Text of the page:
'Double silver' coatings mitigate against 53% of the heat that would typically come through uncoated glass by blocking the infrared spectrum. Tinted glass, or tinted coatings, can prevent even more heat transmission by blocking the shortwave radiation of heat, together with visible light.
However, as the value of building projects in the region continues to increase, the monumental demand for glass, expected to rise 20% from 2012 to 2013, is placing an enormous strain on existing supply avenues.
"We have not done enough in terms of down-streaming these kind of industries," said UAE Minister of Economy HE Sultan Bin Saeed Al Mansoori.
In particular, stocks of tinted and exotic glass in Europe and the US, two traditional suppliers, can be limited and order sizes restricted. This is because the main markets for European and American suppliers lack the environmental restraints of this region. A new coating line at the Emirates Glass facility in Dubai, inaugurated in March by the Minister of Economy, provides a flexible local option. Capable of loading fully-sized 6m x 3m glass sheet, up to a thickness of 90mm, the 20 chambers of the new line can layer a combination of different coatings up to 200 microns thick.
Khalid Bin Kalban, MD & CEO of Dubai Investments, said: "The new coating line will enable the company to capitalise more effectively on the burgeoning demand for energy-efficient architectural glass." The new line escalates yearly production at Emirates Glass to 3.5 million square metres.
Speaking on the sidelines of the official inauguration of the facility about the flexibility of the system, technical senior manager at Emirates Glass, Stephen Lipscombe, said: "We will do the full range. We are not restricted to anything. It depends on what the architect and the client is looking for."
A key advantage of the Emirates Glass line that has been afforded by recent technological developments is the possible incorporation of an extensive range of colours into the coating itself, unshackling projects from the whim of tinted-glass supply.
This is especially relevant in Dubai where, as Lipscombe commented, "everything is a different colour - green, gold, blue or even pink." An obvious benefit of colour coating is that the supply of clear glass in the UAE and the wider region is also cheap and comparatively abundant.
At the time of its inauguration, the new line was already in the process of coating locally-produced clear float glass from Emirates Float in Abu Dhabi for Saudi Arabia's ITCC or 'Smart City' development in Riyadh. "It is more environment-friendly, it is more cost-effective to do it like this, and we can offer a very competitive rate for projects on this glass. We are very proud of it," Lipscombe said.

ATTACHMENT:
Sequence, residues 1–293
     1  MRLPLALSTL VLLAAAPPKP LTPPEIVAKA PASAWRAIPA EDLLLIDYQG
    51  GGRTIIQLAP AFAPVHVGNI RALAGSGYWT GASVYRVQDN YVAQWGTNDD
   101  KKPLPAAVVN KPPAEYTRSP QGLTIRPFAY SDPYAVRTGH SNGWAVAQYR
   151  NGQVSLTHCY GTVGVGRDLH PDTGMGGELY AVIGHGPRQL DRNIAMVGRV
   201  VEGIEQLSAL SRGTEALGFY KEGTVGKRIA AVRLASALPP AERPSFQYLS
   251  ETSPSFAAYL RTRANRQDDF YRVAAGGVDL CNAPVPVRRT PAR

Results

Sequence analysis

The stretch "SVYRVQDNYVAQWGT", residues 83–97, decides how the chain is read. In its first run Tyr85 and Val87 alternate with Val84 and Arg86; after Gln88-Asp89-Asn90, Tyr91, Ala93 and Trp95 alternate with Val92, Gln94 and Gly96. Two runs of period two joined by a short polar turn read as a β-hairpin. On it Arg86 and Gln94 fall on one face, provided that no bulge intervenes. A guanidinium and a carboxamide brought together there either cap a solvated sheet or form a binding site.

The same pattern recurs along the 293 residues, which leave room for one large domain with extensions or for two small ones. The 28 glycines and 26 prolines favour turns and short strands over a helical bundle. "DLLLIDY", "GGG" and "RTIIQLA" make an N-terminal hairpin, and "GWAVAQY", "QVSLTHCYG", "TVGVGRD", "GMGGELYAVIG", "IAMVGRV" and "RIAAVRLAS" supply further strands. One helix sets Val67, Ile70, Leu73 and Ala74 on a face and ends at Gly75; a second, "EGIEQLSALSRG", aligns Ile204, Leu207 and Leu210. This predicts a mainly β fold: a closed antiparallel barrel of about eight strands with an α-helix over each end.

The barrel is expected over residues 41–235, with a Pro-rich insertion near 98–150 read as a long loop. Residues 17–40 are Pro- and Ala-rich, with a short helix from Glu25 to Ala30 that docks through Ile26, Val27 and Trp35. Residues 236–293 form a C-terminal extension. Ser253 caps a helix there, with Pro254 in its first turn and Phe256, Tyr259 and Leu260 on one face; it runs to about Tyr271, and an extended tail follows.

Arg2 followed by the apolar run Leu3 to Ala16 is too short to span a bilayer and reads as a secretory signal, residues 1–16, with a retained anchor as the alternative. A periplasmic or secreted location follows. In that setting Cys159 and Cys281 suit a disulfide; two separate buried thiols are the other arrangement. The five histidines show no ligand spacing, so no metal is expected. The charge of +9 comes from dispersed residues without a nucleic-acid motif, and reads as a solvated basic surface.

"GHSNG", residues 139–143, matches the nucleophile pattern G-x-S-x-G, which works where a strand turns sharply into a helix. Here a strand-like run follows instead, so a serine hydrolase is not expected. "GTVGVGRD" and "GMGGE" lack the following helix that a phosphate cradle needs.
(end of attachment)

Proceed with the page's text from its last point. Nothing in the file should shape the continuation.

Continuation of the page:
Another feature of the new coatings line is that it can apply post-temperable coating. This is a sacrificial layer of additional protective coating intended to burn off during the tempering process, leaving the desired coating behind.
Glass must be cut before it is tempered. In the absence of post-temperable coating, the coating must be applied after the glass is cut to size and tempered. This means coating a higher number of variably-sized pieces of cut glass, which increases the complexity and cost of the coating process.
The new Emirates Glass line is designed specifically to be able to apply post-temperable coatings to 6m x 3m glass sheet. "The bigger the sheet, the better the optimisation, and the more flexible it is for the architect and their design," said Lipscombe.
This flexibility also means that such coating lines can also readily address a wider market.
Speaking after the official inauguration ceremony, the Minister of Economy highlighted Emirates Glass as a good example of a sustainable industry with global potential; one of the 40 companies under the Dubai Investments umbrella, it exports products to more than 28 countries.
"This factory produces and exports all the way to South America, the Far East, to many other countries," said the minister. "These are the types of industries that we would like to focus on, industries that do not limit themselves to the UAE or the region, but beyond that."
Al Mansoori placed his comments in the context of expectations that the UAE's manufacturing industry will increase its contribution to the nation's GDP from 14% to 25% in the next 15 years.
Glass LLC, the parent company of Emirates Glass, is an example of a company that has seen marked success, with sales of $108m during 2011, projecting $167.4m in 2012 and $270m in 2013-2014.
In a statement, Niju Vijayan, deputy director at Frost & Sullivan South Asia and Middle East, said, "This move to increase the focus on industrial activity is also aligned with other countries in the GCC that have decided to expand their horizon beyond oil- and gas-based industries. Moreover, alignment with the overarching objective of providing gainful employment to the local population is also a positive outcome of the creation of new industries," said Vijayan.
Dubai Investments has invested $405m in four glass factories, and has plans to invest a further $216m in 2013-2014, including an upgrade of the existing Emirates Float Glass factory in Abu Dhabi. Khalid Bin Kalban said: "Our broadened portfolio of clientele over the last couple of years has necessitated intensive investment in the glass industry."
2012 ITP Business Publishing Ltd. All Rights Reserved.
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|Date:||Mar 29, 2012|
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